LeSean McCoy just turned 26 years old. He’s only played five seasons in the National Football League, and there’s a good chance the best is still to come for Shady. It may seem premature to discuss his Hall of Fame chances, but a breakdown of his numbers shows McCoy is on the right track.
McCoy is coming off his finest season in the league. He was the star of Chip Kelly’s offense in 2013, leading the NFL in rushing yards (1,607) and scrimmage yards (2,146). McCoy averaged 5.1 yards per carry. He was only the sixth player in history to average at least five yards per carry with at least 1,600 rushing yards and 500 receiving yards.
McCoy fumbled just once. He played and started all 16 games for the first time in his career, and he had games like the Snow Bowl win over the Detroit Lions where he pretty much put the team on his back.
Through five NFL seasons, McCoy stacks up favorably with the all-time greats. He’s rushed for 5,473 yards and totaled 2,127 yards as a receiver out of the backfield. That’s 7,600 yards from scrimmage, which makes McCoy the 25th running back ever to accumulate such a total in his first five seasons.
Here’s a complete list of the other players to do so.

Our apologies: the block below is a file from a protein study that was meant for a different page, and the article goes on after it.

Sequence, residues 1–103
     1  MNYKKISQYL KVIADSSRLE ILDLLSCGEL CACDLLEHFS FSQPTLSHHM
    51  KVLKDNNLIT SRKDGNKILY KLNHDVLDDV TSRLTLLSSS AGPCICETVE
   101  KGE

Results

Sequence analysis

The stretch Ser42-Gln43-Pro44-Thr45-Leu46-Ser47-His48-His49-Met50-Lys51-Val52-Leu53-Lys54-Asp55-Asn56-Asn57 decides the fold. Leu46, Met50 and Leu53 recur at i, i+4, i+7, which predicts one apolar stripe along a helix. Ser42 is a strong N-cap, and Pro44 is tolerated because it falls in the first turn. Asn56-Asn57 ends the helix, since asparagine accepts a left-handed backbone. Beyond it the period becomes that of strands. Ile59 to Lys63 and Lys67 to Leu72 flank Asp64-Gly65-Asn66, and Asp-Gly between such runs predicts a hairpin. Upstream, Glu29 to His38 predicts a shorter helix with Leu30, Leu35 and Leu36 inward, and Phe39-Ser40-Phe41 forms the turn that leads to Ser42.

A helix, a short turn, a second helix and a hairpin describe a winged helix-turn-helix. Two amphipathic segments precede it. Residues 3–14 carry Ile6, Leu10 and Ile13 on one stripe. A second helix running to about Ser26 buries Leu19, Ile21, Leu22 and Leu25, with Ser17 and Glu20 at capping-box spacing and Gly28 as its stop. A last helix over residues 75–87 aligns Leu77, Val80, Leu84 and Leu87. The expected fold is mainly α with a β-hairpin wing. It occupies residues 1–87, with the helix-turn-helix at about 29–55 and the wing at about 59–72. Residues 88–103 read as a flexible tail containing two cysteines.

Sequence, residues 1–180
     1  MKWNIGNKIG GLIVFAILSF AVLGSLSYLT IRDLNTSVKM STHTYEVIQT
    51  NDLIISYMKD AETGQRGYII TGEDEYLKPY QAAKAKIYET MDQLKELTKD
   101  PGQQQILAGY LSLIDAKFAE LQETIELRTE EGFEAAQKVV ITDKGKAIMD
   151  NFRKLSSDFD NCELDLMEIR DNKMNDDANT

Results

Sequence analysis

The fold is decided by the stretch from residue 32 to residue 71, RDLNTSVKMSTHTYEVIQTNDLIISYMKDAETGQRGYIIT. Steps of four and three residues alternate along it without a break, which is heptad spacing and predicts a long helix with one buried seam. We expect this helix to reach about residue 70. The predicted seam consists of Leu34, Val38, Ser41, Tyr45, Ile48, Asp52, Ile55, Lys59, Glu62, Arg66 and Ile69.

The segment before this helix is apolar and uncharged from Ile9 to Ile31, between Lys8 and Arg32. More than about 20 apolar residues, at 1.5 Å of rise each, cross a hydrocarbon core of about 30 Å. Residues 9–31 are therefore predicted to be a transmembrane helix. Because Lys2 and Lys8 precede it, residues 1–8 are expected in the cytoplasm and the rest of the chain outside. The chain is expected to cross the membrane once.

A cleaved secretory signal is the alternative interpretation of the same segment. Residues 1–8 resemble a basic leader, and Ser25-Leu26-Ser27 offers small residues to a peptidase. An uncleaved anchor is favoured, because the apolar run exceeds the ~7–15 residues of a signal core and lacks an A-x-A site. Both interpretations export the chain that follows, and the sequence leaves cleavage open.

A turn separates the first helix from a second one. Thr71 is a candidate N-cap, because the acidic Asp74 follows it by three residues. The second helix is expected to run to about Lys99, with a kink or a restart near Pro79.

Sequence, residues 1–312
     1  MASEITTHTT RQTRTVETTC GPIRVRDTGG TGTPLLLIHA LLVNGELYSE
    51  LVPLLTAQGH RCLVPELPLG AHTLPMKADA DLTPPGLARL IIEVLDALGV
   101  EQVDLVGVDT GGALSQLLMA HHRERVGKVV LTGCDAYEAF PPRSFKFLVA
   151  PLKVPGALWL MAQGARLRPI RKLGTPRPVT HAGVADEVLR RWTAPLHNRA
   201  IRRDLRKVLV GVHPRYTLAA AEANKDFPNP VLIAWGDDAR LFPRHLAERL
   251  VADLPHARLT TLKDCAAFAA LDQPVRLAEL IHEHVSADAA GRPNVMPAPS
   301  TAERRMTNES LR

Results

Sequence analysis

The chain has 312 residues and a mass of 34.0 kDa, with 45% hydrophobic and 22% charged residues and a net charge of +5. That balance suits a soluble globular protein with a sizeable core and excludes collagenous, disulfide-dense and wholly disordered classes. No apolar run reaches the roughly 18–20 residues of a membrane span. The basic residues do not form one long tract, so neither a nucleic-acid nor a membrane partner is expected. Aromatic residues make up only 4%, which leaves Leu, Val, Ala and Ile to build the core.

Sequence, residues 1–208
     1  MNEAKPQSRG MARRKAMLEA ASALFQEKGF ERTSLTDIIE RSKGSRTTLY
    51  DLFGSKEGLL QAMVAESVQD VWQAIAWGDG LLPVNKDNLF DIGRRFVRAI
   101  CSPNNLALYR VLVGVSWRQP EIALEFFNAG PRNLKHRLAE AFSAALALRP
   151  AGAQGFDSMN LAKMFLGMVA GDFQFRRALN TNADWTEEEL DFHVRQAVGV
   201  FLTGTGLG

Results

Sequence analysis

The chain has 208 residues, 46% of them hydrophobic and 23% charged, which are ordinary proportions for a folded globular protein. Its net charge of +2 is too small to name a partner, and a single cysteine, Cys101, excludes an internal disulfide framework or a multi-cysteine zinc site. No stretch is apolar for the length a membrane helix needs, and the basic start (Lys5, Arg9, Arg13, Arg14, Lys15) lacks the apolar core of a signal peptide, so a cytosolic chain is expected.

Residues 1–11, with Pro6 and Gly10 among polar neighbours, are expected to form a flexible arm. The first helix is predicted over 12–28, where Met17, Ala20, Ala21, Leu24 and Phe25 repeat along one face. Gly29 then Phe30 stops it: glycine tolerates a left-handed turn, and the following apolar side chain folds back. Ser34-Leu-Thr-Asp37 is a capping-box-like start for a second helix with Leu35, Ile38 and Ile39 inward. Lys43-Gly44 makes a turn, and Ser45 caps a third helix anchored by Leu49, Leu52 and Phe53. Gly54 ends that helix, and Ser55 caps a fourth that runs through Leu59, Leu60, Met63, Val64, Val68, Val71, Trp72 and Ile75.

Nine of the 25 players are already in the Hall of Fame—Walter Payton, Tony Dorsett, Marcus Allen, Eric Dickerson, Thurman Thomas, Barry Sanders, Emmitt Smith, Marshall Faulk and Curtis Martin. LaDainian Tomlinson and Adrian Peterson will assuredly make the Hall, which makes 11 of 25 players.
The recent players to have done so will probably fall short of the Hall of Fame. Terrell Davis was certainly on track but burned out. Eddie George, Edgerrin James, Ricky Williams, Jamal Lewis and Clinton Portis had fantastic careers and combined for 12 Pro Bowls, but they’re in the very-good category that will likely include Frank Gore and Steven Jackson.
What McCoy has on his side is his efficiency in running the football. He’s averaged 4.76 yards per carry over his NFL career. Just three other players have rushed for at least 5,400 yards on 4.76 yards per attempt in their first four seasons. Their names are Jim Brown, Adrian Peterson and Frank Gore.
Brown is the greatest running back to ever play the game. Peterson will make the Hall when he’s finished. Gore will likely miss, but still, that’s two out of three.
And McCoy is just 26 years old with a handful of great seasons in front of him. The yards from scrimmage stat shows he's clearly on track with some of the greatest to ever play the game, and McCoy should have several more seasons of production ahead of him.
Nick Foles ran Kelly’s offense to near-perfection in 2013, but he wouldn’t have enjoyed nearly the same success without McCoy. As good as McCoy was in ’13, there’s reason to believe he will be even better this coming season.